Dr. Subodha Gunawardena, Ms. Tharinda Rajapaksa and Ms. Upeksha Chathurani
Patients with disabilities in the upper extremity are recommended to undergo therapy to regain motor skills. This work is focused on design and simulation of an assistive exoskeleton rehabilitation robot for the upper extremity of the human body.
Key Words: Rehabilitation Robots, Robot-Mediated Therapy, Upper limb Exoskeletons, Assistive Exoskeletons
Physical therapy is an essential treatment method for long or short term physical impairments including series of repetitive exercises over a long period of time to improve the impaired function (or condition).
Many people who suffered from a heart stroke are left with problems with one of their arms. Proper arm care after a stroke can help treat these problems. Strokes often cause paralysis (hemiplegia or hemiparalysis) or weakness of one or more of the muscles in your arm or shoulder. The muscles might feel tight instead of weak (spasticity). Recovering of motor function post stroke using movement therapy helps improving movement coordination. Arm therapy also serves to learn new motion strategies which is also known as “trick movements”, to cope with activities of daily living (ADL). Movement therapy serves also to prevent secondary complications such as muscle atrophy, osteoporosis, and spasticity. According to suggestions made by physical therapists, positioning of the arm is an essential part for recovery from a stroke. Physical therapists may suggest therapy exercises that help regain strength and flexibility in affected muscles. This might include muscle stretches, strengthening exercises, and range-of-motion exercises that are done with the assistance of the doctor and rehabilitation robots. The arm itself is considered to be complex analysis for instance position of the center of rotation of the shoulder complex as the changes with the upper-arm motions.
Further, Arthritis usually considered as chronic disorder which means it is a long developing condition and it is hardly curable or slowly progressive to the treatments. There are more than a hundred types of Arthritis and it is commonly in three major forms, namely, osteoarthritis (OA), rheumatoid arthritis (RA) and Fibromyalgia.
Treatment for Rheumatic arthritis includes medication, physical therapy, and surgeries. Medication is mainly used for first three treatments and physical/occupational (rehabilitation) therapy and surgeries are used in last two treatment methods. Medication is almost unavoidable and surgeries may not be required in most cases. However, they are always carried out by medical officers/surgeons which is hard to be replaced. Rehabilitation treatments focuses on exercise, heat/ice treatments, and massage. Further, they may also contain transcutaneous electrical nerve stimulation, acupuncture, patient/family education, stress management including emotional support and nutrition counselling.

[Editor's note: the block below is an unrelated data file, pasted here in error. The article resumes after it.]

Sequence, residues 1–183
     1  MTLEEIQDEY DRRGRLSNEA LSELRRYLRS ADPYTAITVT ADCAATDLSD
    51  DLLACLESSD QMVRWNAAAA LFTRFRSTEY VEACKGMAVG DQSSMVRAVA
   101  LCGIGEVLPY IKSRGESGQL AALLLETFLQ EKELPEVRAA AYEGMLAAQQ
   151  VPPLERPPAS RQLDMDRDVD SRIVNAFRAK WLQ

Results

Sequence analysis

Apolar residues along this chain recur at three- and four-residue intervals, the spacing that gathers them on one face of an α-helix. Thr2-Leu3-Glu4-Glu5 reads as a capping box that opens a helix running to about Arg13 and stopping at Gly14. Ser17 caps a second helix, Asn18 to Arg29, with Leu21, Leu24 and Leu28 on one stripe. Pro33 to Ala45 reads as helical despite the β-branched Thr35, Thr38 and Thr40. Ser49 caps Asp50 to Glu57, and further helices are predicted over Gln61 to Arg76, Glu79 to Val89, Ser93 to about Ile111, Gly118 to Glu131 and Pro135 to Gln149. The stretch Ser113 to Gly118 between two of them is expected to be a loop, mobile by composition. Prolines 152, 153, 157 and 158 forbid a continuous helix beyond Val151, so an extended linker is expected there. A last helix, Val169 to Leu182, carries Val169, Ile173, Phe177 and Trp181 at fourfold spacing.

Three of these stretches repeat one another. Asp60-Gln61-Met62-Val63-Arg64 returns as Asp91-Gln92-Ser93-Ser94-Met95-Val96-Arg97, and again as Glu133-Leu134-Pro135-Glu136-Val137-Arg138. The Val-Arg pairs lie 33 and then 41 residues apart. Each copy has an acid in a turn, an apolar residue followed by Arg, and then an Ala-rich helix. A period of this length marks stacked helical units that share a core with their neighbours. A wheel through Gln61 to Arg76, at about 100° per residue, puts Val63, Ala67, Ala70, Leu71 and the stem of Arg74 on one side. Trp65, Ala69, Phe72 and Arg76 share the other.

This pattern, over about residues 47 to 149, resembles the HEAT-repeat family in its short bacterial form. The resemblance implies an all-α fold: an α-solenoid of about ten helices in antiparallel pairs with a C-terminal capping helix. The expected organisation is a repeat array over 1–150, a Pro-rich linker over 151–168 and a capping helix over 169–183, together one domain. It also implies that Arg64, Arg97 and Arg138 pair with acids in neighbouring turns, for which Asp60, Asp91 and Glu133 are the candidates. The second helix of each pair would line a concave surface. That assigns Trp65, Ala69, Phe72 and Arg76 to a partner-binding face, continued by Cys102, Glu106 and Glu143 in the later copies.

Traditional rehabilitation involves standard exercises carried out in a hospital, training centers or home with intervention of a therapist highly skilled therapist which is costly task due to higher demand. Manually assisted movement training has several major limitations. The training is labor-intensive, and, therefore, training duration is usually limited by personnel shortage and fatigue of the therapist, not by that of the patient. The disadvantageous consequence is that the training sessions are shorter than that are required to gain an optimal therapeutic outcome. Finally, manually-assisted movement training lacks repeatability and objective measures of patient performance and progress. When the therapy is robot assisted, the duration and the number of training sessions can be increased, while reducing the number of therapists required per patient which indicates that, personnel costs can be significantly reduced. Furthermore, the robot provides quantitative measures (using sensors), thus, allowing the observation and evaluation of the rehabilitation progress. Developing a rehabilitation robot has been a challenging task because of the challenges imposed by human anatomy.
Project Contacts: Dr. Subodha Gunawardena, firstname.lastname@example.org